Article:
Caffeine in foods came under fire last year when Wrigley launched Alert Energy Caffeine Gum that contained 40 mg of caffeine per piece. The FDA raised concerns about how such a product may appeal to kids.
Soon after, the FDA said it would launch an investigation into the effects of caffeine on young people and Wrigley voluntarily paused production, sales and marketing of its product in May 2013.
Speaking to ConfectioneryNews about caffeine's future in foods, Adam Deremo, founder and managing partner of caffeinated confectionery firm Awake Chocolate, said it will likely be shaped by a non-regulatory framework and that the FDA may not publicly address the issue again.
“The issue is probably not going to be legislated on at this point – principally because there’s not a lot of scientific data to support regulation…There’s no definitive data on caffeine consumption.”
He said that limits on caffeine in certain confectionery products were unlikely.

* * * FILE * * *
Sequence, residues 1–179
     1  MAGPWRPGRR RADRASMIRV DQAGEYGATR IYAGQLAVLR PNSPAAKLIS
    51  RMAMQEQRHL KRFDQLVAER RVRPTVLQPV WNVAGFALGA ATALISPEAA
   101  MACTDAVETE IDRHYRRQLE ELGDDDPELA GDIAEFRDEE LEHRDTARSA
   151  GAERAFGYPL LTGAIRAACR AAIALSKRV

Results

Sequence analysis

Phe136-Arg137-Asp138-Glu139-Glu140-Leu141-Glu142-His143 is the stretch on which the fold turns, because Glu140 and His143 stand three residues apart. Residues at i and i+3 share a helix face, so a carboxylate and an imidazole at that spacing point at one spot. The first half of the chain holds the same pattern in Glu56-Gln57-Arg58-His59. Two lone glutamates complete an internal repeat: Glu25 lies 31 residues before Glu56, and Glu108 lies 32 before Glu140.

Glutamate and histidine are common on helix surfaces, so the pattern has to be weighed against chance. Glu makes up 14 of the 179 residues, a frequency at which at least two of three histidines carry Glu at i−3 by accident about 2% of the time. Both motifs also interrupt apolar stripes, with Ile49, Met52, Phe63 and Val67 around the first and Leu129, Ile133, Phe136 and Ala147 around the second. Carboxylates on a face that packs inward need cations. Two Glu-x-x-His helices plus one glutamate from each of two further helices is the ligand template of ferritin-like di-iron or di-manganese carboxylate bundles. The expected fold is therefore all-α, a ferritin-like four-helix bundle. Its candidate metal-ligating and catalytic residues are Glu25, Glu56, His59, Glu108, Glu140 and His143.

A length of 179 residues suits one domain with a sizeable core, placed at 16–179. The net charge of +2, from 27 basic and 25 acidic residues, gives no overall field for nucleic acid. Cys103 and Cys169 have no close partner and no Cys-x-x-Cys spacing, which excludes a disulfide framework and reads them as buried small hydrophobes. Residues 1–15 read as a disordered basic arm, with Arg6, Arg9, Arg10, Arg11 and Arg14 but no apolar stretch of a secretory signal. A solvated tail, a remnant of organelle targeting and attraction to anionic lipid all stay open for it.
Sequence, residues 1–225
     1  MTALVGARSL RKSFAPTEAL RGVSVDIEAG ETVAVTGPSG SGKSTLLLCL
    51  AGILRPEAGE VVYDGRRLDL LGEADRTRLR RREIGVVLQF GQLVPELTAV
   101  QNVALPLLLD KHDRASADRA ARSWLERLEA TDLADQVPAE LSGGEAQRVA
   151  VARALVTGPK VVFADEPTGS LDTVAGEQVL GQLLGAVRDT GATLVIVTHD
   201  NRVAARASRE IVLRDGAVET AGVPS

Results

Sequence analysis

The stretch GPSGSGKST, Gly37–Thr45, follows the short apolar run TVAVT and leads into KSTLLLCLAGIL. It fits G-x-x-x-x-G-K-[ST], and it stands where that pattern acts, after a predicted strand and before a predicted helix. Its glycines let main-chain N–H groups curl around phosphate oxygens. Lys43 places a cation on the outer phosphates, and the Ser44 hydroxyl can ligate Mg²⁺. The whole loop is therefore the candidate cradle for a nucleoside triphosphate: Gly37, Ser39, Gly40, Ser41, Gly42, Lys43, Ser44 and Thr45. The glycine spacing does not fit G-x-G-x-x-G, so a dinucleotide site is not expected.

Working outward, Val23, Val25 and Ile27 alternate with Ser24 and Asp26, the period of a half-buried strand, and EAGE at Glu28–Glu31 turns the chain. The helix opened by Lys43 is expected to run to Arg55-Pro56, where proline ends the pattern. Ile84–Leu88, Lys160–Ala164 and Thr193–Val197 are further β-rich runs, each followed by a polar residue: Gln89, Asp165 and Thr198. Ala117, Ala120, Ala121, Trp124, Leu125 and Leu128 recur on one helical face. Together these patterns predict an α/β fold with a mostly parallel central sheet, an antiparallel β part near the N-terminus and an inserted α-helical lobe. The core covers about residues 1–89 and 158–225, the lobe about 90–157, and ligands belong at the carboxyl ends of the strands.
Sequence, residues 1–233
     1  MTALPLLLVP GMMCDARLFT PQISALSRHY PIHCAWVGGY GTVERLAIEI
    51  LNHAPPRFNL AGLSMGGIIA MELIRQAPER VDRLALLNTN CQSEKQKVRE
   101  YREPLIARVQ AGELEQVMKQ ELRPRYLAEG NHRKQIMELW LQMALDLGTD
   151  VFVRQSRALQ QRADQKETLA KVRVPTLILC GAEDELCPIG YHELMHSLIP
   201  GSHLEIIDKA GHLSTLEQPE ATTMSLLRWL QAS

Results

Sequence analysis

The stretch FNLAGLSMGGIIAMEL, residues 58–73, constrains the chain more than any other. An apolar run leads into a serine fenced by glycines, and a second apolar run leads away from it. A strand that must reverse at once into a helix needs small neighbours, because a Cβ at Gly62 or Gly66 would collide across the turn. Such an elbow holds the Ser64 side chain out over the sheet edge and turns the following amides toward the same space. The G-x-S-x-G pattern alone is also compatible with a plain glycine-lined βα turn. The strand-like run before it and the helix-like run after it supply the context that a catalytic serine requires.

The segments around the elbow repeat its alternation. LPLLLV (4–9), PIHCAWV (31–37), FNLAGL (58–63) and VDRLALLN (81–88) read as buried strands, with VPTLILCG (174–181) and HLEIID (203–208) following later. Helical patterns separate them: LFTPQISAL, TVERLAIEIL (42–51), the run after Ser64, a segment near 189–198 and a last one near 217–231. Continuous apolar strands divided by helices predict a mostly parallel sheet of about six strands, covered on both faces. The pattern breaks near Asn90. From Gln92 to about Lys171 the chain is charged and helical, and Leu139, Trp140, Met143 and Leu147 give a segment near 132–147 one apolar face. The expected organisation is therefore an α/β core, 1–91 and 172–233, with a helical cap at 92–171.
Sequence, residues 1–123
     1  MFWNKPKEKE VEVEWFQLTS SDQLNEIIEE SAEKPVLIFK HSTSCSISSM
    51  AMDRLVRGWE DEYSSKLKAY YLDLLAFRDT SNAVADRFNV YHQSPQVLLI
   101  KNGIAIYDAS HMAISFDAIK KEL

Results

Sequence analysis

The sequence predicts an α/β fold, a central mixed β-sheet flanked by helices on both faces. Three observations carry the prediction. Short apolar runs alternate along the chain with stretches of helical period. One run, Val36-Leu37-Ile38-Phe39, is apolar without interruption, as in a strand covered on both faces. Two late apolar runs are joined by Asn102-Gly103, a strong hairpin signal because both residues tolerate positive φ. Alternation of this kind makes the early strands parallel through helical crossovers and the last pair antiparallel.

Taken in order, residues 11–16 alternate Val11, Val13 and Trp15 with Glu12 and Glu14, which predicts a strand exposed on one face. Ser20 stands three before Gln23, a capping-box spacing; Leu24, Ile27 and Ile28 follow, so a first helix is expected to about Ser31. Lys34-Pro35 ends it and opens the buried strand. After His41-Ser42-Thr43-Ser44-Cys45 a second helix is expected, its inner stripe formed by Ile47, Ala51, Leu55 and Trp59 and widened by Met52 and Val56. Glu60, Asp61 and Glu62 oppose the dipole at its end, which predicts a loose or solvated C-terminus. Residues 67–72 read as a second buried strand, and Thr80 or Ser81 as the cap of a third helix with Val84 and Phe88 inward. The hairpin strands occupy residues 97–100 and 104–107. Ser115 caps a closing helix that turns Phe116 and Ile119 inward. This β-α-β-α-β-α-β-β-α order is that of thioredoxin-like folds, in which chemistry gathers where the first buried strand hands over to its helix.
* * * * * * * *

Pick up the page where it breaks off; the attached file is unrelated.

FDA: Limits restrictions undetermined
The FDA has suggested that 400 mg a day - about four or five cups of coffee - is a safe maximum amount, but it is still conducting its review.
Marianna Naum, communications at the FDA, told us: “Whether limits will be set in certain products is yet to be determined.”
“The literature on caffeine is vast and new studies on caffeine safety and consumption are continually being published, so you can imagine that FDA’s scientists have their work cut out for them.“
Last year between 5-6 August, the FDA met with the industry at a public workshop and in January 2014 announced that it was still concerned about caffeine in a new range of foods and would continue to investigate the effect on kids.
Wrigley refuses to speculate